The Book Grocer

By Julie PH Last edited 125 months ago
The Book Grocer

Happy Bloomsday, friends. If on this, the 104th anniversary of Leopold Bloom’s epic wanderings around Dublin, our column is even less coherent than usual, don’t blame us and our second-rate attempts to mimic the master. On the other hand, maybe you should. Do we contradict ourselves? Very well then, we contradict ourselves. Come, mess.

Bloomsday: Alright, so perhaps you have no idea what we’re babbling on about because (GASP!) you’ve cracked the cover of Ulysses on seven different occasions but never gotten past page 11. Fair enough – your head it simply swirls. To up your cool quotient among the Joycean set, stop over at the Montague Arms tonight for an epic evening of poetry and music in celebration of this finest of fake holidays. (Sorry, did we say cool? We meant geeky – but adorably so!) Come this time next year, you’ll be pumping your fists in the air with each allusion we subtly weave into our literary listings (8.30pm, £5/£3 concessions).

Tuesday: E-mail, texting, blogging – what do all these communication innovations mean for the English language? At the ICA’s Talking in Text, Mark Abley, Jean Aitchison and Simon Biggs will unsheathe their dagger definitions and share with us their insight on the topic. We’re secretly hoping that the night culminates in the circulation of a petition to ban the ubiquitous LOL. Shudder. (7pm, £10 nonmembers/£9 concessions/£8 members)

Also on: Historian Mark Mazower discussing Hitler’s Empire: Nazi Rule in Occupied Europe at Daunt Books (7pm, £5); and Alastair Humphreys’ A Cycle Odyssey: Around the World on a Bike at Stanfords, in celebration of National Bicycle Week (7.30pm, £2).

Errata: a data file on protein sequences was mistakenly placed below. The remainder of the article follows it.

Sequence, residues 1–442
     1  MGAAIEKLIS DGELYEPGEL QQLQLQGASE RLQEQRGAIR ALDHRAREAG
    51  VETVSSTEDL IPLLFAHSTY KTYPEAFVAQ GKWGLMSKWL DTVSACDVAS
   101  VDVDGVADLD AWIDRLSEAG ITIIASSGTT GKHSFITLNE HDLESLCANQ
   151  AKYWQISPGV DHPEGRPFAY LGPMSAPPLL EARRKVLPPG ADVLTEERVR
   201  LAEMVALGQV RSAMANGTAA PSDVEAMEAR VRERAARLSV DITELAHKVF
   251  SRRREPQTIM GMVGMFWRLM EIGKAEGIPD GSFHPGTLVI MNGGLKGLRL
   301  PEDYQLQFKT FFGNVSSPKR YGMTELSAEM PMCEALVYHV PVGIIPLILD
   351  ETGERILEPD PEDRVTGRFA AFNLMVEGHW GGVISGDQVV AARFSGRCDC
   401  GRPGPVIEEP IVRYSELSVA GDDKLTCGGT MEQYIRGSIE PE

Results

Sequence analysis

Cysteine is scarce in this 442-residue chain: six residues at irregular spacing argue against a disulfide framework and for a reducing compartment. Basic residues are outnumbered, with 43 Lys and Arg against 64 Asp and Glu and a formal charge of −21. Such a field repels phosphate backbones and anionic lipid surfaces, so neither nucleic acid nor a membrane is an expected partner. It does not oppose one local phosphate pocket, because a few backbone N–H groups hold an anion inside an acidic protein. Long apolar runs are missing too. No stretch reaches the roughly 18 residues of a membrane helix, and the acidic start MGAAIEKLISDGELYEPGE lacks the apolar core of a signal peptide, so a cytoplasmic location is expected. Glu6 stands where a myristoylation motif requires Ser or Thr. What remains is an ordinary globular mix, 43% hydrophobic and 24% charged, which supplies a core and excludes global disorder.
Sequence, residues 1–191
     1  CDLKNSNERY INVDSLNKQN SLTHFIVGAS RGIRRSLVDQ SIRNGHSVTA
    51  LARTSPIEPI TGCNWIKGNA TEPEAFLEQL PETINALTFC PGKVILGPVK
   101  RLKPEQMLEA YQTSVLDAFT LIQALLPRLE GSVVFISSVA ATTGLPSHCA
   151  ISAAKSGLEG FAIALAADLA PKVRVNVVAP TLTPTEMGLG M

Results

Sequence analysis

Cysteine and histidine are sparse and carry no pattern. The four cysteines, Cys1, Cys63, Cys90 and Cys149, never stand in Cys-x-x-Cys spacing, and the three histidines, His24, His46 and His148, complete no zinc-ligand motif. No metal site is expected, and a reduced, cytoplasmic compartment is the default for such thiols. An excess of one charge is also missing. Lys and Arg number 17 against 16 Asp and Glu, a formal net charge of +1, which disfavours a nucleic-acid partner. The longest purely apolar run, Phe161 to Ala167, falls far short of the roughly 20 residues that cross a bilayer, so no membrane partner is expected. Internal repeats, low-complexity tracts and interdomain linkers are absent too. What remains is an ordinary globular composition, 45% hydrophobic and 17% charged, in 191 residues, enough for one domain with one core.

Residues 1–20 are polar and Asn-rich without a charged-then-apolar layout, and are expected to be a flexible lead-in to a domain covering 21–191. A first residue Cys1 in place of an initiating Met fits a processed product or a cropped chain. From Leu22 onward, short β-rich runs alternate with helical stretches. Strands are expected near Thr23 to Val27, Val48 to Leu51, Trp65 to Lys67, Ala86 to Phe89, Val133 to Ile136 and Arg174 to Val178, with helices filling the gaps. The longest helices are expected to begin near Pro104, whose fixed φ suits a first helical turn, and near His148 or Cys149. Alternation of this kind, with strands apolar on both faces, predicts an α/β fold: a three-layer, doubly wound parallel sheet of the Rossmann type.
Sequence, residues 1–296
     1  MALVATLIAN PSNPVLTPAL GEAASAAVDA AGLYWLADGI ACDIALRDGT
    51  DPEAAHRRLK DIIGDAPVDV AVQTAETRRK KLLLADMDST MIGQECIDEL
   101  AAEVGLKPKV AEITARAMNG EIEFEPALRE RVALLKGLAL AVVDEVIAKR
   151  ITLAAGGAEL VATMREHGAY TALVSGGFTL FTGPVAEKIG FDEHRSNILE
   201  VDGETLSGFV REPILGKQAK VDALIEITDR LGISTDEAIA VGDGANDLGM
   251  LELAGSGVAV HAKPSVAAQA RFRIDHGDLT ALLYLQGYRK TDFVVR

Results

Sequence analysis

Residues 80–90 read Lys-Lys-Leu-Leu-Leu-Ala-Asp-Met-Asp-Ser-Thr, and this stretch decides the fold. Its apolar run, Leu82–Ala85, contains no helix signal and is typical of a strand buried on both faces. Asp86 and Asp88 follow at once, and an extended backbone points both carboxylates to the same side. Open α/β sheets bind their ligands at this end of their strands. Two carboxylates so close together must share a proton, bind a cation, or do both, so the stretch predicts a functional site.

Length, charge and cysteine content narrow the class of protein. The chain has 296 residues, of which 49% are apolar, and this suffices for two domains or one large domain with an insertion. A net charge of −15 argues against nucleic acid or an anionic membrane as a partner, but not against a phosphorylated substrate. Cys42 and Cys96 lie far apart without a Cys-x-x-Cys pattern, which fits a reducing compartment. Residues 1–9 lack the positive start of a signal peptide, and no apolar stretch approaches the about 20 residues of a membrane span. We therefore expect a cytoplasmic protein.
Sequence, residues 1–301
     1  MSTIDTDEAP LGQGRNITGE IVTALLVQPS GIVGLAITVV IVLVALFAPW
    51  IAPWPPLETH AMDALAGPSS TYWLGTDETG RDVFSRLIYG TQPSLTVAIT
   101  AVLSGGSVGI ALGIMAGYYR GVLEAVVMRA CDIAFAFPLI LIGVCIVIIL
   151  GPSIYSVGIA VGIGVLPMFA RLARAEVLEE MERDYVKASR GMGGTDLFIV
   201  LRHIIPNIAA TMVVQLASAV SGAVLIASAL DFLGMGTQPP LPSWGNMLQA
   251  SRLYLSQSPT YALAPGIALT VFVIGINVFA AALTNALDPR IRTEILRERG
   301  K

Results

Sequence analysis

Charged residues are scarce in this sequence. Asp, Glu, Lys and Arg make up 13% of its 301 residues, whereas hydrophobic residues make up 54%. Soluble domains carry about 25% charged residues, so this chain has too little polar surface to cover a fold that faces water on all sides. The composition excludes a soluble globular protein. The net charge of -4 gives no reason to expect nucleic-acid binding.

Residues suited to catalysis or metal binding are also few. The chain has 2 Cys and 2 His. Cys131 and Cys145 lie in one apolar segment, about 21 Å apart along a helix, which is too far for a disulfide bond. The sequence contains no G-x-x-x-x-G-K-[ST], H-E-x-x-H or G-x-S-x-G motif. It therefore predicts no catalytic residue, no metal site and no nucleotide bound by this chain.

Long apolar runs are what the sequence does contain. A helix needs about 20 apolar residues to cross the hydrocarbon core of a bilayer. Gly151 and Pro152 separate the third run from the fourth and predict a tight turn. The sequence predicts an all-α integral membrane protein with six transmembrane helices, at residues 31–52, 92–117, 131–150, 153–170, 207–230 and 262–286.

Wednesday: Housmans hosts a screening of The London Nobody Knows (7pm, free). What’s the literary connection here? O, rocks! It’s admittedly rather tenuous. But the film is bound to appeal to London junkies. Also, it’s being shown in a bookshop! (7pm, free)

Also on: Esther Freud, reading and discussing Love Falls at Muswell Hill Bookshop (7.30pm, free).

Thursday: Is homework a nightmare from which you are still trying to awake? Us, too. No need, though, with the second instalment of Homework, It Looks Like Your [sic? please sic?] Writing a Letter, highlighting the techniques of the Oulipo poets and featuring Ross Sutherland, Joe Dunthorne and Tim Clare (8pm, £3).

Friday: Austenites will want to head U.P.: up (or down, or over) to the V&A for Re-telling the Regency, in which Andrew Davies, scriptwriter of the BBC’s Pride and Prejudice and Sense and Sensibility, and actor Dan Stevens discuss the challenges of Regency-era adaptations (7pm, £8/concessions available).

Saturday: Housmans hosts a solstice party to celebrate the lonnnnngest (much like this column) day of the year with drink, music and a psychogeographic stroll led by Laura Oldfield Ford of the Savage Messiah zine (late afternoon until late, free). But wait, you say, wasn’t the solstice yesterday? It’s true, but remember: A (wo)man of genius makes no mistakes.

Sunday: The ICA’s Booker at the Movies series continues with a screening of A Month in the Country (featuring Colin Firth in a fabulous ’stache) followed by a discussion with its adaptor, Simon Gray, along with screenwriter Deborah Moggach and Booker judge John Mullan. Will you enjoy it? Yes I said yes you will Yes.

Know of an event that belongs in the Book Grocer listings? Please e-mail us at londonist-at-gmail-dot-com.

Image courtesy of It’sGreg under the Creative Commons Attribution license

Last Updated 16 June 2008